Smith said Friday that the Navy had hired hundreds of additional mental health personnel, but that the United States in general is grappling with a shortage of such providers.
Navy officials did not respond to questions about the extent of such shortages by Navy Times’ deadline Tuesday.
The conditions aboard GW have attracted the attention of lawmakers as well.
On Tuesday, U.S. Rep. Elaine Luria, a Democrat and retired surface warfare officer who represents the region, sent a letter to Chief of Naval Operations Adm. Mike Gilday, demanding answers.
“Each death is a tragedy, and the number of incidents under a single command raises significant concern that requires immediate and stringent inquiry to ensure the safety and wellbeing of the ship’s crew,” Luria wrote.
‘Real shitty work’
During Friday’s all-hands, Smith likened the GW crew’s current yard mission to a SEAL team on which he served, and suggested that a bit more camaraderie could help.
“The only difference between sailors on a carrier and sailors at SEAL Team 4 is the attitude between them as teammates, because we both have shitty jobs,” he said, shouting out the particularly thankless job of aviation boatswain’s mates, who handle all types of landing gear on the deck. “There’s no difference between that and being with a SEAL platoon in Colombia, hunkered off the side of a river in knee-deep mud…doing real shitty work, they’re both hard to do.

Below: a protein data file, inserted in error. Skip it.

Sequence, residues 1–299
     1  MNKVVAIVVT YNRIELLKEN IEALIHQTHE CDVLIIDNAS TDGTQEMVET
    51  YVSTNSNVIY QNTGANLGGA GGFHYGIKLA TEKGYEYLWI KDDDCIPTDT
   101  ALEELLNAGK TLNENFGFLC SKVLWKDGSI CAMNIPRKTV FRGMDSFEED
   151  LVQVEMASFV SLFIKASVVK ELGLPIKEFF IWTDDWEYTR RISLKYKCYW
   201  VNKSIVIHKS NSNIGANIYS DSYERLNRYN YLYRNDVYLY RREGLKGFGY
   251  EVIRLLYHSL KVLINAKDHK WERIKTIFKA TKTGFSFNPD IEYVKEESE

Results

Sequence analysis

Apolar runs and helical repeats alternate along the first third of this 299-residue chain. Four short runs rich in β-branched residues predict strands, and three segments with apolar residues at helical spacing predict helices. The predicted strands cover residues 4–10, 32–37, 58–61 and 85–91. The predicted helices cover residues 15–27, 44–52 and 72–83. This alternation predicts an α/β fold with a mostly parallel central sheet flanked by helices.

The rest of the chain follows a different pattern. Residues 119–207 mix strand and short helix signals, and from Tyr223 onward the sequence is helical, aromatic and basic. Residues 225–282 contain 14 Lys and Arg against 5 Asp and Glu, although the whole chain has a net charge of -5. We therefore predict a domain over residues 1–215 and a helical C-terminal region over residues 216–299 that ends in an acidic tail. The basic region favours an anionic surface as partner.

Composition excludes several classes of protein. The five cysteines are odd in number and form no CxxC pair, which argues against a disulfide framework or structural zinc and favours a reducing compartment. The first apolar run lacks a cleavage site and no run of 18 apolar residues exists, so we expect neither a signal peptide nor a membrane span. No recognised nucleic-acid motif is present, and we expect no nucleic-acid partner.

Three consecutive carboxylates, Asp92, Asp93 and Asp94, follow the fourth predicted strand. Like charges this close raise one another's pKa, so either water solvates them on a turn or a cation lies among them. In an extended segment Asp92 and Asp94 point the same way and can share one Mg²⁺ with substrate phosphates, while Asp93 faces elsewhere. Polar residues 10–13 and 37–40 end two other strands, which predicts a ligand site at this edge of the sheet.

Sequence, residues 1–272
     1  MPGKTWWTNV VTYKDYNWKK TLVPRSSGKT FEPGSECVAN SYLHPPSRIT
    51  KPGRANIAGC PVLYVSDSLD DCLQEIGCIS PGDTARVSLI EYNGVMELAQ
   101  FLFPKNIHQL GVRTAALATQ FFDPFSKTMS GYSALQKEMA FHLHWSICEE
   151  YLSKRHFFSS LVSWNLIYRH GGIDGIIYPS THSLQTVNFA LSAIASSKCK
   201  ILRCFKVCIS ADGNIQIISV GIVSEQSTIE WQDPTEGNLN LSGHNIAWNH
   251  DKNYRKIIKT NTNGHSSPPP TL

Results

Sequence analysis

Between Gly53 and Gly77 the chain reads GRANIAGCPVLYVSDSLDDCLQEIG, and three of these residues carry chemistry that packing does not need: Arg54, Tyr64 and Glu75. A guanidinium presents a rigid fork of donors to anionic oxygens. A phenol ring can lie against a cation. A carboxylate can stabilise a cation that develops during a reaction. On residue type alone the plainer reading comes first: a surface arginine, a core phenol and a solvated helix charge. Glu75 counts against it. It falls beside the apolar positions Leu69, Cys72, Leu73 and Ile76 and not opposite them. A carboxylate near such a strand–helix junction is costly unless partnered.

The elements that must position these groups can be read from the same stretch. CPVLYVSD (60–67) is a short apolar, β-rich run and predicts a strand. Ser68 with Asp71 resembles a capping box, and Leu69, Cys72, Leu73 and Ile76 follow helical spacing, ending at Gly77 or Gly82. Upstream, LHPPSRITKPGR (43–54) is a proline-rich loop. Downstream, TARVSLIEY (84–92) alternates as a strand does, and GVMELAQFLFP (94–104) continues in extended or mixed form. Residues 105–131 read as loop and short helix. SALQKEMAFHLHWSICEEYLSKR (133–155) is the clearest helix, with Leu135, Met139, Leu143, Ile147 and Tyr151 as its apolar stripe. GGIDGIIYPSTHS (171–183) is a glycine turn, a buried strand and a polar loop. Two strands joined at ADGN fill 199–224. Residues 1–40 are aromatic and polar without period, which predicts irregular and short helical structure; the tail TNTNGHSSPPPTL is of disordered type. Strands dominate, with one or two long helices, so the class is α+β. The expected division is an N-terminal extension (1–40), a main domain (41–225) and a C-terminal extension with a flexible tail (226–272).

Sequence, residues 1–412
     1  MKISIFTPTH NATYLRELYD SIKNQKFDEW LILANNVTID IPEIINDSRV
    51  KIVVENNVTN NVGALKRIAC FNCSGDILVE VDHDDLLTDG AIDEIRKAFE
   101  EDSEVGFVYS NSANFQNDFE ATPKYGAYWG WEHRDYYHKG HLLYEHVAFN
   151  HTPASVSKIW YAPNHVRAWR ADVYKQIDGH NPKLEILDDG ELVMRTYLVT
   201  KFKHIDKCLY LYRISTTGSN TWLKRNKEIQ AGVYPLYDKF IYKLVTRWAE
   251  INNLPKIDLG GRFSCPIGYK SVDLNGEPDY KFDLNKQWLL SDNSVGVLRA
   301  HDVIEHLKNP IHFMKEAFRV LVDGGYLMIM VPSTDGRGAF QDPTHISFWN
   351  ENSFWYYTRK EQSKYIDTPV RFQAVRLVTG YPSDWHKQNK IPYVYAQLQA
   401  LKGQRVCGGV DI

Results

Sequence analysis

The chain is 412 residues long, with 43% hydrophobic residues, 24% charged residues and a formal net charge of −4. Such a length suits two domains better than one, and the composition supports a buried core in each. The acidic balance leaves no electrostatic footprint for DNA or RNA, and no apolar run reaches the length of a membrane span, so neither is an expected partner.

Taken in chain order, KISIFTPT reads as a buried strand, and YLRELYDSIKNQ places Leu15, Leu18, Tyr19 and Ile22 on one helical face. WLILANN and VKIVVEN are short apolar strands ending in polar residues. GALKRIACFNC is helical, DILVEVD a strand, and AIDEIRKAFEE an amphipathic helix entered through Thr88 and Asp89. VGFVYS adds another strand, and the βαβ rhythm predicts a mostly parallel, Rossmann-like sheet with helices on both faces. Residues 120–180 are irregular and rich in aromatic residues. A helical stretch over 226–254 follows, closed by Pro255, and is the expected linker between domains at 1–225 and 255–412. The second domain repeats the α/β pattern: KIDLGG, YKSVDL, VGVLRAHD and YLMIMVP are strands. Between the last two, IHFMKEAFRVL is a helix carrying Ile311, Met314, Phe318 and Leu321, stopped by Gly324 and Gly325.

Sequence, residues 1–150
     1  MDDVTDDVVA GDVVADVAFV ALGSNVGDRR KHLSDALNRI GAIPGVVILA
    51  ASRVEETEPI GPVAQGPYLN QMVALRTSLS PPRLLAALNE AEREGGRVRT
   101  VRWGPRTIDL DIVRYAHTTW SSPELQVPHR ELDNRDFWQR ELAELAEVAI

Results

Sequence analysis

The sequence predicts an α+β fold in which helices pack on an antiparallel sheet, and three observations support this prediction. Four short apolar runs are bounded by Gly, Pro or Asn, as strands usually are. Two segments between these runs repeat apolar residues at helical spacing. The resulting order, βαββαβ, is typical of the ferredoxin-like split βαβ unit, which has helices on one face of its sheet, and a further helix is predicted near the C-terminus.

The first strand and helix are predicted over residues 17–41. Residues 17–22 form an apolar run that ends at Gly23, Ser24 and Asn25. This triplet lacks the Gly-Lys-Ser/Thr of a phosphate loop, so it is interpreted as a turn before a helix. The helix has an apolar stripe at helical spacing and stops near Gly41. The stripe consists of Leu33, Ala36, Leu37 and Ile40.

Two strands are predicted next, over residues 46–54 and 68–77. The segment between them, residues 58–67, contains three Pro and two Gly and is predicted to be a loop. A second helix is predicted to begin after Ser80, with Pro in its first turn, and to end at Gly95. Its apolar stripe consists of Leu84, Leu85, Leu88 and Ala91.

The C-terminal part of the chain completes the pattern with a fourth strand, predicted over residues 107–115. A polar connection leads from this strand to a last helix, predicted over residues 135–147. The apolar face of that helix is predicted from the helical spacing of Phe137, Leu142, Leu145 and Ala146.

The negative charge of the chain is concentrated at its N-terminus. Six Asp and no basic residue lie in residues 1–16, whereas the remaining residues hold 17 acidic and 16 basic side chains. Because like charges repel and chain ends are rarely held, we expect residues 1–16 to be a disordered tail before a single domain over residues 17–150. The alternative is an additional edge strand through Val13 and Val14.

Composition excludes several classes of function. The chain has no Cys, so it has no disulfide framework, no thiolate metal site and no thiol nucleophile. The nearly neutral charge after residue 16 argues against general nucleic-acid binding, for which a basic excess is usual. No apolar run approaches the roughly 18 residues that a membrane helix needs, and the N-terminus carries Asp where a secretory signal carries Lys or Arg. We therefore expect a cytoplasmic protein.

“The difference is the camaraderie between them and understanding that everybody’s needed on the team,” Smith said.
Smith told the sailors Friday that their work repairing the carrier and getting it back out to sea is vital to national security.
“You are sometimes going to be in a situation where you’re gonna have to walk 30 to 40 frames to find the working head,” said Smith, who also told sailors of his own times assigned to carriers in the yards earlier in his career.
Referencing paltry and subpar meal options aboard the ship-turned-construction-site, Smith said Marines in the field or deployed SEALs aren’t promised a hot meal either.